Register Now! Free Webinar with Prof. Adrian Harris, “Hypoxia in Cancer Biology, what it does and how to measure it” | Luxcel Biosciences
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Dr. Adrian Harris Free Webinar Cancer Metabolism and Tumor Hypoxia

On Tuesday February 20th, 3pm GMT/ 10am EST Luxcel Biosciences will host a webinar given by Prof. Adrian L Harris, a lead cancer researcher and professor of Medical Oncology at the University of Oxford. Titled “Hypoxia in Cancer Biology, what it does and how to measure it,” the talk will outline the role of hypoxia in therapy resistance radio therapy and many other modalities, as well as the role of HIF and HIF targets in tumour biology. It will also discuss relevant in vitro experimental models, and introduce new approaches being developed by the EC-funded MetaCell-HS consortium, combining advanced plate reader technologies (CLARIOstar® with ACU, BMG Labtech) and intracellular fluorescent probes (MitoXpress® Intra Intracellular Oxygen Assay, Luxcel Biosciences) to enable researchers to monitor and control cellular oxygenation in vitro.

Hypoxia is a key feature of most solid tumours and underlies many of the processes associated with how cancer progresses; including tumour cell survival and proliferation, genetic instability, immune responses, angiogenesis, invasion and metastasis and metabolic adaptive responses. Hypoxia inducible factors (HIFs) are a highly evolutionarily conserved family of dimeric transcription factors that are central to mediating the cellular response to hypoxia by regulating the expression of a diverse array of targets. Hypoxia and HIF activation is associated with treatment failure, resistance and poor clinical outcomes. Thus, its analysis in vitro, and in vivo, is a key part of tumour biology and translational research.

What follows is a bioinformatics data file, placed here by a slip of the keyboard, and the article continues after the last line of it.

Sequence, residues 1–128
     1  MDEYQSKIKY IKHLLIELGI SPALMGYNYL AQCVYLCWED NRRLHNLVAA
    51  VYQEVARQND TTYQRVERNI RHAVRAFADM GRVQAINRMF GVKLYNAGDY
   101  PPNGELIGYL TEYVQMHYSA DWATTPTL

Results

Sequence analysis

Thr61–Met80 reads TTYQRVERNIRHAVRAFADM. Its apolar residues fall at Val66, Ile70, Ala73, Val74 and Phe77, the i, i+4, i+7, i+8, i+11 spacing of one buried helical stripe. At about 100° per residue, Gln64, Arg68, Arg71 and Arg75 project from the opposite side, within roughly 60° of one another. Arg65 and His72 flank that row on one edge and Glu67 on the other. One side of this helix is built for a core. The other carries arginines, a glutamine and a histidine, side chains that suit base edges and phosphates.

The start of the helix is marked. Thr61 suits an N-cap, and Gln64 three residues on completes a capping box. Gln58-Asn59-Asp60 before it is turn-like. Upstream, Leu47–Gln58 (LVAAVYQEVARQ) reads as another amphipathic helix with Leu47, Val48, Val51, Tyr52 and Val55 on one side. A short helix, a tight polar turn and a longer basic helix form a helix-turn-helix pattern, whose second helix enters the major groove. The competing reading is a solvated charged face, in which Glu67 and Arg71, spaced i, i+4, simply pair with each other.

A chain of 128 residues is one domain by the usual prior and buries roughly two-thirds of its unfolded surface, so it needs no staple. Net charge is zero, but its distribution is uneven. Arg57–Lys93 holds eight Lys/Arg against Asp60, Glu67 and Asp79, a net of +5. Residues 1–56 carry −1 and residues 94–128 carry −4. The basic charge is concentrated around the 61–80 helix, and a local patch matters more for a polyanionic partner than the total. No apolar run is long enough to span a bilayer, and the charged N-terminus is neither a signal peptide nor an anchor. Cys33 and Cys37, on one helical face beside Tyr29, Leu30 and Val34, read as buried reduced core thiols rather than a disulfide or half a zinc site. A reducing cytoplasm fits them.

REGISTER NOW for this free webinar with top cancer researcher Prof. Adrian Harris.

About the Speaker

Prof. Adrian L Harris is the Cancer Research UK Professor of Medical Oncology at the University of Oxford and directs the Cancer Research UK Molecular Oncology Laboratories at the Weatherall Institute of Molecular Medicine (WIMM). His major laboratory interests involve the role of hypoxia in breast tumour biology, and tumour angiogenesis, the metabolic response to hypoxia, microRNAs induced by hypoxia and hypoxia-induced cell death. He has conducted many predictive and prognostic studies and early exploratory phase trials in new drug development and molecular pathology to translate laboratory findings to clinical relevance and development of new agents

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